UH represents National Science Foundation program at its 2008 Budget Rollout/Open House
Hawaii's EPSCoR team one of 15 selected nationwide to represent various NSF programsUniversity of Hawaiʻi
Center for Conservation Research & Training
The Hawaiʻi team‘s project on Cyberinfrastructure for Environmental Research & Education was one of 15 selected nationwide to represent the various National Science Foundation directorates during the open house. Kaneshiro was one of 15 exhibitors participating in the first-of-a-kind showcase of NSF research projects for public participation.
"We are extremely proud to have been hand-picked to represent the different programs within the National Science Foundation," said Kaneshiro. "Participation in this event gave the Hawaiʻi EPSCoR project tremendous exposure to the administration of NSF, as well as to many of the program officers who stopped by our exhibit to talk about the work we are doing in Hawaiʻi."
Kaneshiro and his team were invited to prepare an exhibit for the event due to their accomplishments in the area of Cyberinfrastructure during the three years of EPSCoR Hawaiʻi‘s first NSF grant. In partnership with Stanford University‘s National Biocomputation Center, they developed a wireless environmental monitoring system that would allow to collect real-time environmental data from the most remote and rugged regions of the islands and the world. The exhibit focused on some of the unique biophysical features of island ecosystems, and how Hawaiʻi‘s natural heritage has played an important role in science education in the state.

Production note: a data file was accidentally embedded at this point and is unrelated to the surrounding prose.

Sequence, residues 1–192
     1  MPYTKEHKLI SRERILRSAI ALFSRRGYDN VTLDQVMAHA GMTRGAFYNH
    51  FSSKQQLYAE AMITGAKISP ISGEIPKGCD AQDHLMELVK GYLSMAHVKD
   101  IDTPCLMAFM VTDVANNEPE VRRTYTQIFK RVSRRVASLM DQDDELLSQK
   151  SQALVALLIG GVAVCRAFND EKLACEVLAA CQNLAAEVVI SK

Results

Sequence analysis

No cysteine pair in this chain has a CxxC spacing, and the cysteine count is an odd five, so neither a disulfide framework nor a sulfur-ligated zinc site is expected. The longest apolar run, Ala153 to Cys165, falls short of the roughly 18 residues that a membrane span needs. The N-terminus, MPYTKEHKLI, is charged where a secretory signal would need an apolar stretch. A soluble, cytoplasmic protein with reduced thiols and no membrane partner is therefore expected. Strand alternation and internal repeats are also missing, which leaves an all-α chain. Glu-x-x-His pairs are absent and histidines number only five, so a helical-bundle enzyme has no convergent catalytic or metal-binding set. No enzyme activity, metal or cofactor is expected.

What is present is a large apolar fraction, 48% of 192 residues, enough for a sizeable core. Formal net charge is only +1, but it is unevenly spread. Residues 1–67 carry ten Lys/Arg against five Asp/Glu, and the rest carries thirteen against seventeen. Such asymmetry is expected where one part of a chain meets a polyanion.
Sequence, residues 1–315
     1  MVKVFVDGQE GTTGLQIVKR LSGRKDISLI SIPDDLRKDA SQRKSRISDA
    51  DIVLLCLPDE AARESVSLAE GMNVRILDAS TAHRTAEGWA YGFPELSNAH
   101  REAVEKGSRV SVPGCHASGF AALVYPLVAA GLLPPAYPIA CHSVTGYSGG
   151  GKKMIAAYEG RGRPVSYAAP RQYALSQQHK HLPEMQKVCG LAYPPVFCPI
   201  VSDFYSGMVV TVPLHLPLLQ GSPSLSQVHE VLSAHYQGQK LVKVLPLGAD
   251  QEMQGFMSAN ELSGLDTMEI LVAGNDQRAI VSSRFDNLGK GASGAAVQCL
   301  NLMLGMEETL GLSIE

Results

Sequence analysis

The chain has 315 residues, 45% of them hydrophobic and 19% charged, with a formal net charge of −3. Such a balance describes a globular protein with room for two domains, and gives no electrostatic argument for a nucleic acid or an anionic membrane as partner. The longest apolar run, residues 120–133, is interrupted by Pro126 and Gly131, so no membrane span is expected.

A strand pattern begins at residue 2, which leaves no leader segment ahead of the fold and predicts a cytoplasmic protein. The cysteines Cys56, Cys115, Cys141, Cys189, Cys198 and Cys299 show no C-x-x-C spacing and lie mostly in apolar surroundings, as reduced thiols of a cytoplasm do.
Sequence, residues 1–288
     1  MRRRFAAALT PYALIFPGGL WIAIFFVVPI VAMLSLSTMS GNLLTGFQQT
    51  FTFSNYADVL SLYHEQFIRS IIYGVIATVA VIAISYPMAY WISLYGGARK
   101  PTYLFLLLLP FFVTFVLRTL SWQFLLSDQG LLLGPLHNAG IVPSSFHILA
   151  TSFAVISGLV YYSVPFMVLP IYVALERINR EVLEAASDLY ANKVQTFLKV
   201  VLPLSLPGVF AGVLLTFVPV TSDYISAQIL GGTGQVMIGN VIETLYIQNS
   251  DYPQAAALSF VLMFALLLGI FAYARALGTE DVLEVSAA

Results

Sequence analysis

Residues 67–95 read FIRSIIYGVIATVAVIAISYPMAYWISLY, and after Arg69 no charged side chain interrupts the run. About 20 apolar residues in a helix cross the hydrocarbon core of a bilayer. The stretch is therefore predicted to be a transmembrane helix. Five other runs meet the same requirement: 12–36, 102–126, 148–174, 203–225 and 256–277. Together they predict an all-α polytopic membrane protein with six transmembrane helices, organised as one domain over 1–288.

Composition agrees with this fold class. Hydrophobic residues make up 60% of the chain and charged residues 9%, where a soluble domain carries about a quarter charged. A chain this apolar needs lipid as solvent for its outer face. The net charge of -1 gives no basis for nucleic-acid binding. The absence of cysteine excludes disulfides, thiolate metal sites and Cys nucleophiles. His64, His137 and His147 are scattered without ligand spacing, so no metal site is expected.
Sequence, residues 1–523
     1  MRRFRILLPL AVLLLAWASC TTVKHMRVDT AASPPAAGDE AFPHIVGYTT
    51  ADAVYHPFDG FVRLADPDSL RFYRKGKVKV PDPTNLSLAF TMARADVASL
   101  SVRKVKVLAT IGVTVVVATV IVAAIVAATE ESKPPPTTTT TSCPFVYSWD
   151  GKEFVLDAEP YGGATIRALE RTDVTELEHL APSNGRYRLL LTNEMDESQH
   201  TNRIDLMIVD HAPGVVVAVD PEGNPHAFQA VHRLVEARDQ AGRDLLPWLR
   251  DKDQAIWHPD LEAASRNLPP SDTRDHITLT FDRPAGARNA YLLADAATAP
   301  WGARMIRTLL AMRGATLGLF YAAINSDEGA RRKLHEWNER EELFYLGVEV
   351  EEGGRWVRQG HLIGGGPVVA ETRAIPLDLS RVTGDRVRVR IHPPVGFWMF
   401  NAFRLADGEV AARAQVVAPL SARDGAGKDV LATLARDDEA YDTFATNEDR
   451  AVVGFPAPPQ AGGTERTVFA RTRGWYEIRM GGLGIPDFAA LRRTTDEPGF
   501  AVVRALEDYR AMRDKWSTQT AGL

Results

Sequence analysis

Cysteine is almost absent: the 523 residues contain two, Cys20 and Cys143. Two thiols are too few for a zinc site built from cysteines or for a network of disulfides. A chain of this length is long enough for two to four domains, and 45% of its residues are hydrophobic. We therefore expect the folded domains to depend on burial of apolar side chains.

The testbed site for the monitoring system is located on the North Shore of Kauaʻi and encompasses a 50-square-mile area in a wet rainforest ecosystem with deep valleys at the base of Mt. Waialeale. "The site was selected to challenge us with the deployment of this technology in one of the most remote and rugged regions of our state," said Kaneshiro.
Kaneshiro shared, "When NSF's EPSCoR Program Officer Dr. James Gosz visited our testbed site on Kauai (by helicopter), he looked up into the top of the ridges that were under the clouds where our repeater stations were located, and the expanse of the region where we are able to collect real-time environmental data wirelessly, and said that he just ʻdid not realize the scope and the scale of what we can do.‘"
The success of Kaneshiro and his team's work has resulted in a spin-off company called Intelensense Technologies. With its corporate office located in Hawaiʻi and research and development offices in Silicon Valley, the company has developed a world-wide wireless sensor network for air, water, weather and imagery that communicates its data over the Internet from anywhere in the world. "The technology has already expanded to monitoring and tracking things like emerging infectious diseases such as the bird flu," said Kaneshiro.
EPSCoR Hawaiʻi received a second three-year NSF grant for $9 million in May 2006. The grant will continue to support activities of "Investing in Multidisciplinary University Activities through NSF Hawaiʻi EPSCoR: IMUA NSF Hawaiʻi EPSCoR," an NSF program administered by UH, as well as create more opportunities to obtain research funding from the federal government. IMUA NSF Hawaiʻi EPSCoR is intended to aid the state with its efforts to increase research infrastructure in the Science, Technology, Engineering and Mathematics (STEM) disciplines. Kaneshiro's work is one of several projects managed by EPSCoR Hawaiʻi.
To learn more about IMUA NSF EPSCoR Hawaiʻi and associated projects, visit the website at http://www.epscor.hawaii.edu/.
For more information, visit: http://www.epscor.hawaii.edu/.